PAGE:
Here's a Dinner Guest You Didn't Invite

Foodborne illness still a threat to American tables, report says

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By
HealthDay Reporter

MONDAY, March 11, 2002 (HealthDayNews) -- Guess who, or what, is coming to dinner?

It may be unexpected and dangerous intruders such as bacteria, viruses, parasites and biotoxins in your meal, says a new report from the Institute of Food Technologists, a non-profit scientific society based in Chicago.

You might find some of these numbers hard to stomach: American public health officials estimate 76 million illnesses, 325,000 hospitalizations and 5,000 deaths occur each year as the result of foodborne illnesses. Yet, only 18 percent of these can be attributed to known causes. Although about 200 are transmitted by food, many more have yet to be identified.

This all sounds rather unpalatable, but it shouldn't leave you stewing in worry about your victuals, says one of the report's authors, Michael Doyle, director for the Center for Food Safety at the University of Georgia.

"From my perspective, the U.S. food supply is considered to be one of the safest in the world. But we could always do better based on the estimated cases of foodborne illness that occur each year in this country," he says.

The report addresses a number of areas: procedures from farm to table to reduce illness because of mishandling of food; processes to recognize and respond to outbreaks and to reduce their scope; and suggestions to enhance monitoring, data collection and risk assessment.

The authors say the ability to link food to human illness is improving, and they stress the need for increasing surveillance of foodborne diseases to help determine their causes, and improve controls and prevention.

However, the report also notes the ever-changing characteristics of food, technology and microorganisms make it unlikely Americans will ever be free from the risks of foodborne illnesses.

As surveillance methods of foodborne illnesses and the ability of science to recognize their causes improves, you can expect to hear more reports about food-related outbreaks -- even as food safety measures improve.

Douglas Archer, another contributing author, is professor of food science and human nutrition at the University of Florida. He says there are three main things consumers can digest from this report.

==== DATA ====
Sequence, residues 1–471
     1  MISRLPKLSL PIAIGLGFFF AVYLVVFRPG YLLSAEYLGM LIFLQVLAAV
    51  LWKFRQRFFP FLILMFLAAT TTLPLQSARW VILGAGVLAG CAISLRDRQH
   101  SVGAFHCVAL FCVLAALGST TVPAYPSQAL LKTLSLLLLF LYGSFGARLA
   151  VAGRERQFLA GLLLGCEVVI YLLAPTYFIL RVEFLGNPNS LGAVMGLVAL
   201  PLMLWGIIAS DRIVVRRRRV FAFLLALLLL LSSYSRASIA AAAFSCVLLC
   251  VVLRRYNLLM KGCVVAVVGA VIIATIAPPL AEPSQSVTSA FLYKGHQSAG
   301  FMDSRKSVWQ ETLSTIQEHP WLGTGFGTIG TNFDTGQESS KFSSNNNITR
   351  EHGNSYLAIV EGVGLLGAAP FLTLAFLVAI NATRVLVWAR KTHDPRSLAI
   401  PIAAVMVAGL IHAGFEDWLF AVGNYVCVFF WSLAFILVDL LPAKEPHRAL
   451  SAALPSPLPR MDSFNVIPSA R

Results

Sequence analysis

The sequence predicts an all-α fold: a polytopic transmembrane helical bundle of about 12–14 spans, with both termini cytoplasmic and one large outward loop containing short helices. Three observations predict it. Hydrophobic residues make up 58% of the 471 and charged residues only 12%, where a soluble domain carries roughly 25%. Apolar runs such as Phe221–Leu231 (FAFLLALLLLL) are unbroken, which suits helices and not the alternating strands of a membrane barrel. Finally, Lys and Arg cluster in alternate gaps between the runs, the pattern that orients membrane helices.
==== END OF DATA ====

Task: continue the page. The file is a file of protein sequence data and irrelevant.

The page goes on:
The first is not to be all that surprised or shocked when new food pathogens are identified.

"This is a natural process. It's nothing new. It's called molecular evolution. It's been going on for a long, long time, and it will happen again," Archer says.

The second point is, "there are good systems in place to protect the food supply. They're not perfect, but a lot of work is being done to make them a whole lot better."

Finally, food doesn't make people sick; people make people sick.

The report notes the Centers for Disease Control and Prevention (CDC) estimates more than 50 million of the 76 million foodborne illnesses in the United States each year are the result of viruses.

"Well, viruses can only come from one place. They have to come from humans," Archer says. "That means that somebody is not paying attention to good personal hygiene. That's not a new problem, but it's certainly one that can be fixed. Simply wash your hands, and wash them well."

So, while food experts do their best to improve the safety of food production, you have to accept a big helping of responsibility, too. Use good judgment and common sense where food is concerned.

"If you go to a restaurant and the place looks like a pig sty from the get-go, you probably don't want to eat there," Archer says.

If you go grocery shopping and buy perishables such as meats, chicken and fish, don't leave the groceries sitting in your car for hours on a summer day.

And while he doesn't have the data to prove it, Archer believes most cases of foodborne illness happen at home.

"It would be hard to prove that, because people don't turn in Mom if they get sick. If they're sick at a restaurant, it's a whole different situation. Restaurant outbreaks are more visible because more people are involved and they're more likely to call the health department," Archer says.

Doyle notes that between 20 percent to 30 percent of Americans still eat raw or undercooked ground beef despite the threat of the dangerous bacteria Escherichia coli 0157:H7.

"If you could make people stop making mistakes with food, probably 90 to 99 percent of the problem would go away," Archer concludes.

What To Do: For a hefty serving of information about foodborne illness, go to the U.S. Food and Drug Administration, or the CDC.

SOURCES: Michael Doyle, Ph.D., director, Center for Food Safety, professor, food microbiology, University of Georgia, Griffin; Douglas Archer, Ph.D., professor, food science and human nutrition, University of Florida, Gainesville; "Emerging Microbiological Food Safety Issues: Implications for Control in the 21st Century."

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